The best clues as to what will take Oscar’s best picture come from the past
Every year, The Envelope weighs chances for each of the best picture candidates to win the gold by comparing them to prior Academy Award winners. (“Parasite” — it’s “The Sting” gone horribly wrong! ) To analyze the elements of this season’s eight nominees, we viewed plots, themes, styles — even their comic comfort. Are the resemblances we discovered enough to give the current picture a boost? Yeah, probably not. But we did find that this year’s crop, with it is weightier story lines, frequently had us dipping directly into past documentary winners to get our corollaries.
“The Father” — “A Beautiful Mind”
Dementia wreaks havoc on its victims’ minds. “The Father” wreaks havoc on our idea of it, by turning the illness into a mystery thriller. May Anthony (Anthony Hopkins) believe what he sees? May we? For such an inventive look at mental decline, all of us turn to 2002’s winner, “A Beautiful Mind, ” and the tricks our mind may play on us when our cognition is modified. 2012’s foreign-language film “Amour” also shares the particular misfortune of this loss.
“Judas and the Black Messiah” — “The Times of Harvey Milk”
The heart-wrenching, infuriating story of Black Panther Fred Hampton’s (Daniel Kaluuya) betrayal by his comrade William O’Neal (LaKeith Stanfield), and his subsequent assassination by the U. S. government, has a number of filmic forebears. Betrayal has a hand in 1985’s winner, “Amadeus, ” 2007’s “The Departed” and each “Godfathers. ” But 1985’s winning documentary feature provides it home, with its story of another great revolutionary shape betrayed and murdered by a close colleague.
“The Trial of the Chicago 7” — “Fog of War”
If 1957’s nominee “12 Angry Men” had won, it would get this one a lot easier. Eight enraged revolutionaries! But , alas, “The Bridge on the River Kwai” won that year, which does nothing to light up this film’s chances. The film looks at the travesty of a trial against the men who staged a Vietnam War protest at the late 1960s Democratic Convention, which descended into a riot. It is a biting indictment of a government that will try to crush opposition at any cost, not unlike 2004’s documentary winner “Fog of Battle, ” in which former Defense Secretary Robert McNamara dissects his role in the Vietnam War and WWII.
“Mank” — “On the particular Waterfront”
1941’s “Citizen Kane” would be a ringer with this behind-the-scenes look at that film’s screenwriter Herman Mankiewicz (Gary Oldman), but as “Mank” followers know, that film was the winner only for its screenplay. Instead, we turn to 1955’s “On the Waterfront. ” The stink of corruption permeating New Jersey’s dockworkers partnership in “Waterfront” wafts more than California’s politics in “Mank. ” Both feature a lovely blond heartbroken heartbreaker. Plus behind the scenes on “Waterfront, ” independent producer Sam Spiegel was reported to be because a thorn in the half of legendary screenwriter Budd Schulberg as Mercury Theatre manager John Houseman evidently was to Mankiewicz. In that case let’s throw in a dashboard of the panache of 1937 winner “The Great Ziegfeld. ” Both men shared a home grand lives, gambled carelessly with hearts and cash, and left an marked impression in their wake.
“Minari” — “Parasite”/”Terms of Endearment”
In this particular quintessentially American tale of the immigrant experience, Jacob (Steven Yeun) struggles to give his family a better life and nearly destroys everything along the way. Last year’s victor, “Parasite, ” has only the thinnest thematic similarity — downtrodden family hustles to survive against intense economic odds — but it is the only other film with an Asian team and director to have earned the best picture Oscar. Could we throw in “Terms associated with Endearment” for a couple of precocious kids and a live-wire grandmother? We could try.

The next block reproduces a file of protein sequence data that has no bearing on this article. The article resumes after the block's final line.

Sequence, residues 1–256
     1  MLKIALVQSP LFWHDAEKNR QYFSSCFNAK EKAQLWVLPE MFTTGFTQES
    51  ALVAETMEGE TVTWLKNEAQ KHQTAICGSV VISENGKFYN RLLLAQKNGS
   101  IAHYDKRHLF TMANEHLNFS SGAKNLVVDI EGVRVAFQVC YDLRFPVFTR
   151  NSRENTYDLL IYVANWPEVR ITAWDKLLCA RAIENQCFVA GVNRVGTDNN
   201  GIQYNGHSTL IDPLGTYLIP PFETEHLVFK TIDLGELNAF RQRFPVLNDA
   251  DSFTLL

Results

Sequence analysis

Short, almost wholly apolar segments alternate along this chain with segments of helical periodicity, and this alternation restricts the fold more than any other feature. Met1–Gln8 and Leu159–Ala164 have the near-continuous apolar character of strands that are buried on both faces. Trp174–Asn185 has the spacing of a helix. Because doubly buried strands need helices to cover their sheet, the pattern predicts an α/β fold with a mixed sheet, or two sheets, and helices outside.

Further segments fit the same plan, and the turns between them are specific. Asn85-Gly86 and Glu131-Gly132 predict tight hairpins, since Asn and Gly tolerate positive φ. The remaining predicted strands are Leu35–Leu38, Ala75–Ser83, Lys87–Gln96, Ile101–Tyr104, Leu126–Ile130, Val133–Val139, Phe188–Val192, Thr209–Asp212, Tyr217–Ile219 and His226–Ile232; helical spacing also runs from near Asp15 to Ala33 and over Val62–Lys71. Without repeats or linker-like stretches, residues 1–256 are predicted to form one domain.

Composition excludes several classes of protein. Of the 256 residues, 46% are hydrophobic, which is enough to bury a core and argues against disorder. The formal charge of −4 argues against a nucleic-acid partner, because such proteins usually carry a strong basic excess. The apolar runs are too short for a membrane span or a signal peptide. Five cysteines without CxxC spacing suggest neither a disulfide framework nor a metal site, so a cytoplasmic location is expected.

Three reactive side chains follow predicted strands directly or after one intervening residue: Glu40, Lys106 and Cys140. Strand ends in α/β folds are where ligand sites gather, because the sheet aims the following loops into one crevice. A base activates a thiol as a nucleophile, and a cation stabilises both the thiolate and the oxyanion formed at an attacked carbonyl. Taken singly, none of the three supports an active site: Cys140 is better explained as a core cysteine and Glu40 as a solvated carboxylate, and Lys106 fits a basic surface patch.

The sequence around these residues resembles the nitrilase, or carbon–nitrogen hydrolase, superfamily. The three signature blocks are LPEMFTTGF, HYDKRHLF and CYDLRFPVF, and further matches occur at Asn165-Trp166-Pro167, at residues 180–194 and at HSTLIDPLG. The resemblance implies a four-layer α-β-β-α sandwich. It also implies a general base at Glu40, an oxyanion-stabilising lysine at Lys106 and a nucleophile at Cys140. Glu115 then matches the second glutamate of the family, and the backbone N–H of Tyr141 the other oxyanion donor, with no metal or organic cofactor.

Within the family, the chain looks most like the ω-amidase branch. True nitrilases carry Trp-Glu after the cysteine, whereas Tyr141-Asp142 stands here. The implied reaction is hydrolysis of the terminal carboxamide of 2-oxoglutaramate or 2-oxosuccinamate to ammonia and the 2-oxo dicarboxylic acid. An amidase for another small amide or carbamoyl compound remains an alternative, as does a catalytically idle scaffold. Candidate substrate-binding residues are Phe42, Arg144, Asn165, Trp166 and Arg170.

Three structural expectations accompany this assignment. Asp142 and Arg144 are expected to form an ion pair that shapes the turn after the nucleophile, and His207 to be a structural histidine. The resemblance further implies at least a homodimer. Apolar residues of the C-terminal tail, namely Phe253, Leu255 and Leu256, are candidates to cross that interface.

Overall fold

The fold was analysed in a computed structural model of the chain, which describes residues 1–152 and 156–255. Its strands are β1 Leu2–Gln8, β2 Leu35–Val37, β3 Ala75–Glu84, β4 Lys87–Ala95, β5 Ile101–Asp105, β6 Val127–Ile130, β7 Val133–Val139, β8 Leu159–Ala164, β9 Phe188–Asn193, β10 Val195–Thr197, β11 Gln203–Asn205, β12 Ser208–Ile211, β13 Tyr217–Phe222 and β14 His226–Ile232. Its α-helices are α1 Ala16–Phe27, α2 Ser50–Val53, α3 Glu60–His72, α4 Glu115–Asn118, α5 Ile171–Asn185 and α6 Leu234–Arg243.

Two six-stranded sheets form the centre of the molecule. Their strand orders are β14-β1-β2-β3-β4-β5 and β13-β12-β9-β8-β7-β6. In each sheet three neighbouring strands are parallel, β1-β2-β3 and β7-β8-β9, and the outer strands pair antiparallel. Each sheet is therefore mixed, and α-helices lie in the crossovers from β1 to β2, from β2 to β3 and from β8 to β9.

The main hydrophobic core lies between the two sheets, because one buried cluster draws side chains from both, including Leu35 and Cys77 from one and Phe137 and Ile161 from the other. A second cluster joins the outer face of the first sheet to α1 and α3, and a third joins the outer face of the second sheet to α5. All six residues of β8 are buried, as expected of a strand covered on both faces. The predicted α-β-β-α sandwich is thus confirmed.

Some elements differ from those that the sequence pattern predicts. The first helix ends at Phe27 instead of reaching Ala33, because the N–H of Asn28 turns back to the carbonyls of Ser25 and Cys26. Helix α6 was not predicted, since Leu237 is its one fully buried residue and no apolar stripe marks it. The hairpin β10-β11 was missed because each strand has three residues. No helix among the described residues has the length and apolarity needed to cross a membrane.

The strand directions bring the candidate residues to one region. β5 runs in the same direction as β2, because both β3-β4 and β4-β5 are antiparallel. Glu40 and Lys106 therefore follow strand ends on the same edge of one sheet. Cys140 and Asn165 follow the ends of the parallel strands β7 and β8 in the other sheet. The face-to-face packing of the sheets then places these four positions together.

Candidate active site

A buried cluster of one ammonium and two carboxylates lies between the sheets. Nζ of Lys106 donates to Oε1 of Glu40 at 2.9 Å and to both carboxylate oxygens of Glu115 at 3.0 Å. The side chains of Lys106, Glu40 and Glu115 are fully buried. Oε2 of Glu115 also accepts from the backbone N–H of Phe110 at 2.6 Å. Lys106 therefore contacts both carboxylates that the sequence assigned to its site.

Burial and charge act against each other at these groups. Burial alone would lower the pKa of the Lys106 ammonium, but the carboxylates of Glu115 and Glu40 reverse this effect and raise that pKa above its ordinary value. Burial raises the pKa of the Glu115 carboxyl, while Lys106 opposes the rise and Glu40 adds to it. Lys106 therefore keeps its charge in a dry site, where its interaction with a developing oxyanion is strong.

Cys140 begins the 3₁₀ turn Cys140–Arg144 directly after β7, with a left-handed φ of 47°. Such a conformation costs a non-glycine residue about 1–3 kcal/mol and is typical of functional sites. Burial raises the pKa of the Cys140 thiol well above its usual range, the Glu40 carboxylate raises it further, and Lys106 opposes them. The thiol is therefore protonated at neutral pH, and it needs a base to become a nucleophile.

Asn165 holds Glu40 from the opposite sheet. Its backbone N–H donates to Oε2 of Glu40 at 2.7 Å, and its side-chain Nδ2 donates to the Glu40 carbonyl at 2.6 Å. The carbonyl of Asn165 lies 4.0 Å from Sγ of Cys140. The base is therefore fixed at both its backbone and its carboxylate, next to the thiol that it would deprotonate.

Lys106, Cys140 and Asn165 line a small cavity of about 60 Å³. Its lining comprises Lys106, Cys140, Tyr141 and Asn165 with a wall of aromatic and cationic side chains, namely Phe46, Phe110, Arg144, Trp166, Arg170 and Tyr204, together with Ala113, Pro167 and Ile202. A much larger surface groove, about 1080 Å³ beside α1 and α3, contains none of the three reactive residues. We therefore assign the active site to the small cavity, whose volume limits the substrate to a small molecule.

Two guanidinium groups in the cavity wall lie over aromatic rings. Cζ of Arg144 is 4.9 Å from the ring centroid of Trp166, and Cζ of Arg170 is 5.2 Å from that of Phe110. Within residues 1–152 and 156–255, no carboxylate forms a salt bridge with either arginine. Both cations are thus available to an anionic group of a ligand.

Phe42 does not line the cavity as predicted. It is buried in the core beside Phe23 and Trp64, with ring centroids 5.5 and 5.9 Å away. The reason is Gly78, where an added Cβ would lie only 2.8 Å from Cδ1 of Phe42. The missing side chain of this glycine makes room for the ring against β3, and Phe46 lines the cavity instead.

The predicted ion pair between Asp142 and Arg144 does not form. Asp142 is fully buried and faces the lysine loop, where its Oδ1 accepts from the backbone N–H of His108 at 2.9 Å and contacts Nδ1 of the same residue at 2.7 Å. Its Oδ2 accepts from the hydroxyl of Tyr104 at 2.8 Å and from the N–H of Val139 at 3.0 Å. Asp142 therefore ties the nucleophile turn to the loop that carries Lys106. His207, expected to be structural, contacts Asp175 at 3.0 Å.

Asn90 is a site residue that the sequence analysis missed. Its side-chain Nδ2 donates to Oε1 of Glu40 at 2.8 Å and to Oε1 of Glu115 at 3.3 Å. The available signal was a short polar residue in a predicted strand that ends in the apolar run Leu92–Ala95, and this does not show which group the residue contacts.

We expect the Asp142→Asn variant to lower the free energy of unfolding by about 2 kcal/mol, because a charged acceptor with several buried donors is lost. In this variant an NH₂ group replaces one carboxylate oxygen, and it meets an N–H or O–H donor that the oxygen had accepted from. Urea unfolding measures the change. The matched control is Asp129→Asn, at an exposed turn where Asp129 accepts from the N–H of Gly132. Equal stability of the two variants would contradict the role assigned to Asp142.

“Nomadland” — “Down plus Out in America”
Fern (Frances McDormand) is an unhoused wanderer, assessing the particular challenges and freedom of the nomadic way of life. We are immersed in that world along with the girl and a largely nonprofessional ensemble of real nomads, within a film that straddles narrative and documentary genres. Therefore again we turn to a fantastic documentary for comparison with 1987’s “Down and Out there in America, ” which requires an unsparing look at the raw effects of Reaganomics on the functioning poor and homelessness in the U. S.
“Promising Young Woman” — “Unforgiven”/”American Beauty”
Carey Mulligan stars as the prophetic Cassandra in an elaborately constructed revenge movie that combines comedy, tragedy, romance and any number of genres in between. Best of luck finding a best picture winner starring a female on such a mission. Instead, we offer a mash-up of 1992’s “Unforgiven, ” for its story about exacting retribution for a horrible injustice against a woman, and 1999’s “American Beauty, ” for its stylistic look at the emptiness, violence and unexpected pleasure we are all capable of feeling.
“Sound of Metal” — “The Lost Weekend”
This searing film centers on Ruben (Riz Ahmed), a metal drummer and recovering addict which loses his hearing plus seemingly everything that gives their life meaning. He unwillingly joins a rural deaf rehab community, and even more unwillingly, starts coming to terms along with being deaf. His battles, and his denial, call to mind that classic of the problems of alcoholism, 1945’s “The Lost Weekend. ” Although Ruben doesn’t return to elements as Ray Milland’s personality does, his addictive nature does come into play when he seeks a fix and gives up (or sells) almost anything in the process. And as with that mid-century melodrama, by the end of the movie, he manages to reach the particular grace of acceptance. That is when life can begin.